I’ve come to be known as a storyteller. It is through sharing my stories that I’ve been able to connect with thousands of people around the world. The more open I am, the more opportunities I have to work with people who, like me, want to make the world a better place.
It isn’t always easy, as there are those who want nothing more than to silence me and women like me, but I remain steadfast and do what I can to take care of myself.
Whether it is through creating a global hashtag like #YouOKSis to help support victims of street harassment or writing pieces about Black women’s experiences with domestic violence, I believe I’m doing my small part to facilitate conversations that foster understanding and create valuable learning spaces.
I can’t and won’t apologize for centering on Black women and girls, because most people do not value us enough to make our unique issues primary focal points. I willinvite all those who are interested in learning more to join in the conversations, read my work, and support my efforts to raise awareness about our experiences.
When the least of us are free, only then will we all truly be free.
This July, SheKnows and BlogHer will present #BlogHer15: Experts Among Us, for which I am on the advisory board. We are committed to continuing the conversation about the importance of practicing intersectionality in our feminist work.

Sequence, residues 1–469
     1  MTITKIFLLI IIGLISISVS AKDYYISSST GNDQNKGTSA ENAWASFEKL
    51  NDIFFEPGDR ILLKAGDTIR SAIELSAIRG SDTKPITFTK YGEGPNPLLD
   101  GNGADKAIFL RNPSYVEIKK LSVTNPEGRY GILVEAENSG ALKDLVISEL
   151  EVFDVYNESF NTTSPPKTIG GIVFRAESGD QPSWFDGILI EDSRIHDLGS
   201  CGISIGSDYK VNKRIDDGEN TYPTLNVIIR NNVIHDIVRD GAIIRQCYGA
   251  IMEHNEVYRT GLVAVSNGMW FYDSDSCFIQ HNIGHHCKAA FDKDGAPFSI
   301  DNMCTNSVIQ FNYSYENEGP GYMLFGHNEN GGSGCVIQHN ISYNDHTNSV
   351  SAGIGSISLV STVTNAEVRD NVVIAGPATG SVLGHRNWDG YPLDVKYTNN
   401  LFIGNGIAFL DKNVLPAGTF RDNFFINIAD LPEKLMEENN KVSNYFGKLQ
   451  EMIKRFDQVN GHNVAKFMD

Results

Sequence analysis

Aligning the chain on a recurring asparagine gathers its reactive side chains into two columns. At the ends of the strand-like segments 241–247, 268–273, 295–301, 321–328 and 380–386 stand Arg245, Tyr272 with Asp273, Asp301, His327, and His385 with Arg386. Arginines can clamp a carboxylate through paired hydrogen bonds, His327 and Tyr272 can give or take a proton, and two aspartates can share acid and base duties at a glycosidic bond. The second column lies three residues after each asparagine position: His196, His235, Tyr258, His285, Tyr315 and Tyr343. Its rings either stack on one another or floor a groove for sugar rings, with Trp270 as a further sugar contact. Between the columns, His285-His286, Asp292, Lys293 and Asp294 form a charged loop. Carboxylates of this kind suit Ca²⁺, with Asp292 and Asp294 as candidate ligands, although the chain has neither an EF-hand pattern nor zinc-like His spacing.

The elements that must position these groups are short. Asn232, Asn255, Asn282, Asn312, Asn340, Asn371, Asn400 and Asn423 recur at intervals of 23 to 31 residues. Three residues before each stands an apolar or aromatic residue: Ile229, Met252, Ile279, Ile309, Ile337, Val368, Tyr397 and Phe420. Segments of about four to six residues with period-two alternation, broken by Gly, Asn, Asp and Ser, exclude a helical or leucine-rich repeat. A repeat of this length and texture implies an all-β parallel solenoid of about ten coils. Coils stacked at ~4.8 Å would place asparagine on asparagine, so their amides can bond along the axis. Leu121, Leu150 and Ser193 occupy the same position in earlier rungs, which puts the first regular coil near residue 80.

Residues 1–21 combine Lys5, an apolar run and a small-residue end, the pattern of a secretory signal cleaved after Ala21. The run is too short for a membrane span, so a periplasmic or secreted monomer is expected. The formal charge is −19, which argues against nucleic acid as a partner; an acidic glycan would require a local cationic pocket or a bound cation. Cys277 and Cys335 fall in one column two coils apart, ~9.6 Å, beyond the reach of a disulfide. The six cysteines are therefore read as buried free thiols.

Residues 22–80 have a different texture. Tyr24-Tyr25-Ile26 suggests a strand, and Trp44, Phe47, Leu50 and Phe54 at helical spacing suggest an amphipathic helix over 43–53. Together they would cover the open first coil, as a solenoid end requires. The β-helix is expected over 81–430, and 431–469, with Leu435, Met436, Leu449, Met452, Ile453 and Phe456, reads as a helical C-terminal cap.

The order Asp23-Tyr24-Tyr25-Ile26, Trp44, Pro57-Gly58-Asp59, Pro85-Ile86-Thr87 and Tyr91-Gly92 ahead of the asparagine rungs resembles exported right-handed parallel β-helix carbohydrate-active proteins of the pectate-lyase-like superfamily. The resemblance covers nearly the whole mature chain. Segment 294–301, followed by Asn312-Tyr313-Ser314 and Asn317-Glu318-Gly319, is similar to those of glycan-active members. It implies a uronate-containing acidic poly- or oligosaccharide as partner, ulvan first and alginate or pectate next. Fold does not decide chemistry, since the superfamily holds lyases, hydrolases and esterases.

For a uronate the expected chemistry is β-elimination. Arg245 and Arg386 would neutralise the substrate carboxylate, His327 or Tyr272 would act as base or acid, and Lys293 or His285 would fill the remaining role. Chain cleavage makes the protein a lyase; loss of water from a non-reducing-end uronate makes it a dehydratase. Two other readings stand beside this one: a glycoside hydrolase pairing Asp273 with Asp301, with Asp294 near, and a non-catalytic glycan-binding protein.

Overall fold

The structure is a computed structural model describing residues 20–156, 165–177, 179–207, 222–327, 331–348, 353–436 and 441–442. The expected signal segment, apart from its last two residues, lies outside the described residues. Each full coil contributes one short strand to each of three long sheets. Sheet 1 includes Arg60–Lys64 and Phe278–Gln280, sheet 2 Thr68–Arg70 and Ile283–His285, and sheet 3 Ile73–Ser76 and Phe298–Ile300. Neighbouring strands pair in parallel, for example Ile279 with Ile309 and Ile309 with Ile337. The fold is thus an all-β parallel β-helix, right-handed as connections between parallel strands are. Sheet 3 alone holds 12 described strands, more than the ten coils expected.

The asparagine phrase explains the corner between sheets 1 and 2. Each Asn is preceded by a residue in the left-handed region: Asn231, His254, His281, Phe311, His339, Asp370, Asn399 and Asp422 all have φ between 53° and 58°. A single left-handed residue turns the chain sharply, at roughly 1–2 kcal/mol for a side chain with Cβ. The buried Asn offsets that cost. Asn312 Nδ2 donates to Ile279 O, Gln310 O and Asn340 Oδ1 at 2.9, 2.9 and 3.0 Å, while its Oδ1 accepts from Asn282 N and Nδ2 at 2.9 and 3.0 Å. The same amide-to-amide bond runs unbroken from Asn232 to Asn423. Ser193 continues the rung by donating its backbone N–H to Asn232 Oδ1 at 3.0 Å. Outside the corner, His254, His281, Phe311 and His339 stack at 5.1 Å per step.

Yes, we want all women to be liberated. We will not see that happen, however, if we continue to ignore how one’s various identity categories shape one’s daily experiences as a woman. The Storytelling Builds Bridges: I Want You to Know Me track at #BlogHer15 is aimed directly at this conversation. Each session in this track is designed for women who identify in traditionally undervalued categories to share their own stories, and for you to listen, receive, understand, discuss.
The sessions focus around stories from women of color and the hashtags we've created to address racism (a panel I'm on myself), LGBT women and their experiences, women talking about mental health issues, and women living with special needs, whether they have disabilities themselves or are parents of special needs children.
I urge you to go: The panelists are phenomenal; these conversations will be excellent and interesting. Knowing people better, learning about people's lives, is the very first step toward change.
And with this post, we're also launching a series of #KnowMe conversations on BlogHer and SheKnows, so that you can hear the stories of a wide range of people … and tell your own, too. Stay tuned for more, and I urge you to listen and share your own.
I look forward to meeting you online and at #BlogHer15, and learning more about who you are and how we can build bridges to a better tomorrow.
Feminista Jones is the Love & Sex section editor at BlogHer and is the primary blogger at FeministaJones.com, a blog devoted to promoting sex-positive discussions on social media, deconstruction of social norms/restrictions, challenging standard feminist theory (and making feminism accessible to more women in the process), giving voice to man-loving feminist women, exploring alternative sexual identities like the BDSM lifestyle and pansexuality through a feminist lens, teaching and advising, and all around fun.